Madar was sitting in a tan lounge chair as he simply told his family that they should watch the television. But they knew what was coming. When the pick was announced, they screamed in joy and sprinkled homemade confetti on Madar’s head. When he spoke to Celtics director of player personnel Austin Ainge later, Madar told Ainge he could stay with his parents on his next visit overseas.
Boston’s roster was crowded and Madar was just 19, so it was made clear that he would remain in Israel for at least one year.
But now, the point guard will get a chance to show that he is ready for the next step. He arrived in Boston last weekend and on Tuesday met with the Celtics’ decision-makers for the first time. He is expected to join their summer league team in Las Vegas next month, but the situation remains a bit complicated.
An arbitrator in Israel ruled last week that Madar remains under contract with his current team, Hapoel Tel Aviv, for one more season. So he would have to reach an agreement on a buyout if he decides to leave. But first he will have to prove to the Celtics that he deserves an NBA contract.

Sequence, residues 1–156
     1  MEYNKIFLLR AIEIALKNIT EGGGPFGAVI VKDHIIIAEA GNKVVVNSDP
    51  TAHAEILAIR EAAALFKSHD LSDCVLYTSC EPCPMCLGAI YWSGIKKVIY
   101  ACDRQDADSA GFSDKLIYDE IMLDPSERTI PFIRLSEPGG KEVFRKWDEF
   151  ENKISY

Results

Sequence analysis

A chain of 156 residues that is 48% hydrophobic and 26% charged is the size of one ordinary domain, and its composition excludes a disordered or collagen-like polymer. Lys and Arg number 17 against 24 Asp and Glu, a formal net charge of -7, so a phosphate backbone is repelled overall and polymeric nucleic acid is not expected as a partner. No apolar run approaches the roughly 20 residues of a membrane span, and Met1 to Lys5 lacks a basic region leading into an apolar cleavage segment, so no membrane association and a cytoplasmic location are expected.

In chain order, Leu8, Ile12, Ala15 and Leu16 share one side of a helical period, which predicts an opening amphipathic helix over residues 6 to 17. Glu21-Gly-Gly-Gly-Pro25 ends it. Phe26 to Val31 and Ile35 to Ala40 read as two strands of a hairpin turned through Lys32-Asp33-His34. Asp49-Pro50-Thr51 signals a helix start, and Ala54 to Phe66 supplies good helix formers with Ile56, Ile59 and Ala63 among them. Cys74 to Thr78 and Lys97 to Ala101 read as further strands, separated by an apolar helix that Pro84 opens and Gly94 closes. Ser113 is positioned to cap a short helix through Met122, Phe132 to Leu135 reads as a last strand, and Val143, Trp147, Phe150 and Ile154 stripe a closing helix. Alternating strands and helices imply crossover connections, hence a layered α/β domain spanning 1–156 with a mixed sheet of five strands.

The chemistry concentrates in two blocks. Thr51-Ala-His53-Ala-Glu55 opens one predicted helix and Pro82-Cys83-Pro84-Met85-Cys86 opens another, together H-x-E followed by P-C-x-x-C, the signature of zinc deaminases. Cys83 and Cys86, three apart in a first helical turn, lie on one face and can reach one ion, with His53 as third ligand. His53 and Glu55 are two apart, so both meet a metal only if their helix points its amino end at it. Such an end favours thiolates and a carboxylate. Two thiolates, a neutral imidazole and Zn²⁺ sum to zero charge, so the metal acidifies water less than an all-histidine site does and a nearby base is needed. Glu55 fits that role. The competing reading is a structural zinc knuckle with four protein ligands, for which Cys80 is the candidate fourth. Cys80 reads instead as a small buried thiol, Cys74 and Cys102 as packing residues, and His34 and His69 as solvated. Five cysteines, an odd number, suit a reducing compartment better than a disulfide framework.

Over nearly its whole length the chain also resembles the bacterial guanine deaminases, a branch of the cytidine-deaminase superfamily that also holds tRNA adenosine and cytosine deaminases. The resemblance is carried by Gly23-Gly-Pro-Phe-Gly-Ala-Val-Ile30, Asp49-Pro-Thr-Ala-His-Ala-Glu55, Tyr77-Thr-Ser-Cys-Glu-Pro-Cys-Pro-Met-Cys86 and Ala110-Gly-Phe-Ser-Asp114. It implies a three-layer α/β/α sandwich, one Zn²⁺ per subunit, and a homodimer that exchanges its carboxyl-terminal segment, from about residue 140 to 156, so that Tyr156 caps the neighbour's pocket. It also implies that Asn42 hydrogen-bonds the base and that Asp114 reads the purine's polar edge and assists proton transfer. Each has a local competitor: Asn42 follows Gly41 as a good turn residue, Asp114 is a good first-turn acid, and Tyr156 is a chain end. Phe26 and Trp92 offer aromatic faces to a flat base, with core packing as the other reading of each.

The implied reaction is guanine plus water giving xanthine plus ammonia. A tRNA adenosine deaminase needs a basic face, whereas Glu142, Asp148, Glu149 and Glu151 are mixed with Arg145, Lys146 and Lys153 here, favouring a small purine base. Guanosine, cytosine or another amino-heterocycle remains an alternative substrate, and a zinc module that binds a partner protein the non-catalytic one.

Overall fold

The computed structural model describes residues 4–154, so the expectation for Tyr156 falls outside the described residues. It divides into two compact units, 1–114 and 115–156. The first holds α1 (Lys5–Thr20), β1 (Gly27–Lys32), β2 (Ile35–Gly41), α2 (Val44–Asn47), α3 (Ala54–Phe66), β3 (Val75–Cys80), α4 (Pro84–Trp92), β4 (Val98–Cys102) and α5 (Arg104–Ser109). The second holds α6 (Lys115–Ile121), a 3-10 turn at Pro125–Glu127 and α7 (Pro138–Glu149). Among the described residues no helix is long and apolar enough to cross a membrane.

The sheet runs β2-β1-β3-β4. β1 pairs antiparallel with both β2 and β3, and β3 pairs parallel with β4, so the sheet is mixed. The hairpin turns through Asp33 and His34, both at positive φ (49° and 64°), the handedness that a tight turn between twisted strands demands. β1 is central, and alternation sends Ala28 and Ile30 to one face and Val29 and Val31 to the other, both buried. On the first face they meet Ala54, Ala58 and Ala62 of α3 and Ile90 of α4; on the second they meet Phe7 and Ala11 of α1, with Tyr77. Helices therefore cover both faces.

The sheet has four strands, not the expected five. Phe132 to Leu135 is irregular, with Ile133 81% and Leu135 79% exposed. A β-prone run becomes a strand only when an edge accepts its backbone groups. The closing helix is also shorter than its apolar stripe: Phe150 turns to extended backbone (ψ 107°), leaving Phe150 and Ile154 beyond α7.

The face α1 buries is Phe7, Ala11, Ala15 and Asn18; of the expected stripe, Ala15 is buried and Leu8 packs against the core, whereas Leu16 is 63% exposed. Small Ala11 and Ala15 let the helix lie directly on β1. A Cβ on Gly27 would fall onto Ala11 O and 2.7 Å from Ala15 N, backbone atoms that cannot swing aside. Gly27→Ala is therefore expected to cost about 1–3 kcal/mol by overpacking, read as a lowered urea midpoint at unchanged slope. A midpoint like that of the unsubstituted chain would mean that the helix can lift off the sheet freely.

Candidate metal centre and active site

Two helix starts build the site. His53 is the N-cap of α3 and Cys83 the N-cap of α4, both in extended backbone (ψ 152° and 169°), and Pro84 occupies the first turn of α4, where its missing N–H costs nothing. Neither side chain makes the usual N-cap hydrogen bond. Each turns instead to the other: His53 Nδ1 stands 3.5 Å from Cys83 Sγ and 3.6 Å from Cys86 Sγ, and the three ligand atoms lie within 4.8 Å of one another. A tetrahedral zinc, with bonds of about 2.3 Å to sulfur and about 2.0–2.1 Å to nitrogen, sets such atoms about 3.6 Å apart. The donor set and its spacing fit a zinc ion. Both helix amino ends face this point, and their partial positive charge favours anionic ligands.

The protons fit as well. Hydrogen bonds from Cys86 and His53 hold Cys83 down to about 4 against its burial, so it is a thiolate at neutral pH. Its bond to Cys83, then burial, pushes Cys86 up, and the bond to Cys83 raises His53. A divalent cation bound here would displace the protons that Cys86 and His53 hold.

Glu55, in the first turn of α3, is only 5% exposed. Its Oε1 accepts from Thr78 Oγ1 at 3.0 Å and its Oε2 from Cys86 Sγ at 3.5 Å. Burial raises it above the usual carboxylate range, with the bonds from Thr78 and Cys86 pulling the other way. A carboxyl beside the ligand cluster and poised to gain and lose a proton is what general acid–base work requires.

“I don’t know anything in my life that has come guaranteed,” Madar said. “Every place I’m coming, I’m coming to work and coming to earn my place on the team. That’s something I know how to do. Working hard is something I know how to do.”
‘Your son is a pro’
Beit Dagan is a town of about 10,000. Even though it is in the shadows of the nation’s second-largest city, the rural setting made it feel more distant. He would play on outdoor courts at all hours and dream about what might be next.